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Supporting Positive Behaviour in Alberta Schools. Dwaine M Souveny Central Alberta Regional Consortium 2010-2011. Supporting Positive Behaviour in Alberta Schools Key Element # 7 Fair & Predictable Consequences March 15, 2011. Dwaine M Souveny Central Alberta Regional Consortium 2010-2011.

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supporting positive behaviour in alberta schools

Supporting Positive Behaviour in Alberta Schools

Dwaine M Souveny

Central Alberta Regional Consortium

2010-2011

D.M. Souveny Understanding Student Behaviour

slide2

Supporting Positive Behaviour in Alberta SchoolsKey Element # 7Fair & Predictable ConsequencesMarch 15, 2011

Dwaine M Souveny

Central Alberta Regional Consortium

2010-2011

[email protected]

supporting positive behaviour in alberta schools 2008
Supporting Positive BehaviourIn Alberta Schools (2008)
  • A School Wide Approach
  • A Classroom Approach
  • An Intensive Individualized Approach

D.M. Souveny Understanding Student Behaviour

supporting positive behaviour in alberta schools 10 key elements

Supporting Positive Behaviour in Alberta Schools10 Key Elements

Key Element 1: Positive Relationships

Key Element 2: Learning Environment

Key Element 3: Differentiated Instruction (DI)

Key Element 4: Understanding Student Behaviour

Key Element 5: Social Skills Instruction

Key Element 6: Positive Reinforcement

Key Element 7: Fair and Predictable Consequences

D.M. Souveny Understanding Student Behaviour

supporting positive behaviour in alberta schools1

Supporting Positive Behaviour in Alberta Schools

Key Element Seven: Fair and Predictable Consequences

motivation
Motivation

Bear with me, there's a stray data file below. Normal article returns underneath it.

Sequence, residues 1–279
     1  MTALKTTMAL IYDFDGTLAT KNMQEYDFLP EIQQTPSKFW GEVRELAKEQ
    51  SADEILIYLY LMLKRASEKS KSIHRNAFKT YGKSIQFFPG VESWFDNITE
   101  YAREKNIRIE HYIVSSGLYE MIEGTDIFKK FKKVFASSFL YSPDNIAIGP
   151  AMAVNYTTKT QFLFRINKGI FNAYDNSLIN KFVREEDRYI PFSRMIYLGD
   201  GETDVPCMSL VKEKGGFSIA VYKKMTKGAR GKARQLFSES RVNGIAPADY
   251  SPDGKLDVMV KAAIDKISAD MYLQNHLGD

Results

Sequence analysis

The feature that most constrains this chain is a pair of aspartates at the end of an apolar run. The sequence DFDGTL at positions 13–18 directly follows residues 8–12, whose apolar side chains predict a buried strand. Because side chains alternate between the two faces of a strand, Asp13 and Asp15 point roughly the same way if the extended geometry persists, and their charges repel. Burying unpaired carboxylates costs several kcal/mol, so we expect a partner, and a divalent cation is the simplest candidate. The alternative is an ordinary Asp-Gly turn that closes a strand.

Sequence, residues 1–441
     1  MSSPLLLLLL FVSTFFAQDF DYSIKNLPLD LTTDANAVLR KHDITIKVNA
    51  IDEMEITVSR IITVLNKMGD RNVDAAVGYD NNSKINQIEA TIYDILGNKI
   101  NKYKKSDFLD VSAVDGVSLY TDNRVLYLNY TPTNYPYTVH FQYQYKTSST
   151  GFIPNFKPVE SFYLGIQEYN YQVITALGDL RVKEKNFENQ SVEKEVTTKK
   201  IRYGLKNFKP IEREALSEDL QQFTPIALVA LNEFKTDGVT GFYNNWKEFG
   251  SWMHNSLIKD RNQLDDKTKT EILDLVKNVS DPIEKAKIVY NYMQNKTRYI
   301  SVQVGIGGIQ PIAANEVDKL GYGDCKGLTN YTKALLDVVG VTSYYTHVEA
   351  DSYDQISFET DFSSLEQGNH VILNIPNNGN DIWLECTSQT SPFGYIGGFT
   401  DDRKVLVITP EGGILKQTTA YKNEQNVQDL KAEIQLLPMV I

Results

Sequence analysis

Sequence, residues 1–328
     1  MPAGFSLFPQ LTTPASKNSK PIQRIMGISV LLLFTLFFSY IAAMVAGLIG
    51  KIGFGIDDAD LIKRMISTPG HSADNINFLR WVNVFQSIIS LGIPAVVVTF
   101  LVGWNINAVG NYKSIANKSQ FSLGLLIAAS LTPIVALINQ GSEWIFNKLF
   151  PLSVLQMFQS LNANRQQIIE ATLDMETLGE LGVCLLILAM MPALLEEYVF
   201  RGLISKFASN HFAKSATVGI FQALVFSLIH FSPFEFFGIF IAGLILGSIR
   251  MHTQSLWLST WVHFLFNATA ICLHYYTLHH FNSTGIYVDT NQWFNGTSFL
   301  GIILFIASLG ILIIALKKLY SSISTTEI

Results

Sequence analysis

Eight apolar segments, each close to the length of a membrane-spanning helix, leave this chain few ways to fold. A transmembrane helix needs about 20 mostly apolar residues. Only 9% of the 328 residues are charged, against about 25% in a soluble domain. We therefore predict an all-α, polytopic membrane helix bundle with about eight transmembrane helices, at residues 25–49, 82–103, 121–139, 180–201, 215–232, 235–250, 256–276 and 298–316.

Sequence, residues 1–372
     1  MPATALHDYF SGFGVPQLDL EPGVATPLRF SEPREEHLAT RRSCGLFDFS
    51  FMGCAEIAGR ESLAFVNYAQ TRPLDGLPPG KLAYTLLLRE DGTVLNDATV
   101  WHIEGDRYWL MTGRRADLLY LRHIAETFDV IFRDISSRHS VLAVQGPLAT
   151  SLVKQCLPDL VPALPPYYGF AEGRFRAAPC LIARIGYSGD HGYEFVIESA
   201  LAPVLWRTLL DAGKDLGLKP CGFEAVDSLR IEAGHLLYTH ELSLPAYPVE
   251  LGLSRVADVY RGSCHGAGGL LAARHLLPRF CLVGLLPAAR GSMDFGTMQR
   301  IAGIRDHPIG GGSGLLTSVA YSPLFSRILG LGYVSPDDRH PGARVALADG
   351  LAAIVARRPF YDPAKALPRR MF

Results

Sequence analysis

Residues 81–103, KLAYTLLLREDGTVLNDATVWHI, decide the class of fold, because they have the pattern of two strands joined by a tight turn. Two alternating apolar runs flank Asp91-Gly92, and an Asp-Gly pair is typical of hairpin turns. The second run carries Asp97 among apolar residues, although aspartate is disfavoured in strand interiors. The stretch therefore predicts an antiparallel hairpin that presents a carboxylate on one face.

“Motivation only enables us to do what we are already capable of doing.”

creating choices with creative consequences positive consequences
Creating Choices With Creative Consequences: Positive Consequences
  • Positive consequences = something the child wants that you feel comfortable giving
key element 5 fair and predictable consequences
Key Element #5: Fair and Predictable Consequences

Reductive consequences = something the child does not like that you feel comfortable giving

discipline
Discipline

Means “to teach”

…it is about learning not about retribution or revenge

D.M. Souveny Understanding Student Behaviour

types of positive reinforcement
Types of positive reinforcement

What are some ways that you use to motivate students through the use of reductive consequences?

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types of fair and predictable consequences
Types of Fair and Predictable Consequences
  • Redirecting
  • Planned ignoring
  • Correction and overcorrection
  • Restitution
  • Response Cost – removing or withholding preferred activities
  • Time away
  • Time out
guidelines of using reductive consequences p 67
Guidelines of using Reductive Consequences (p. 67)
  • Clarity for behaviour and consequences
  • Deliver the consequence – Do not threaten – Do!
  • Use for teaching – not for punishing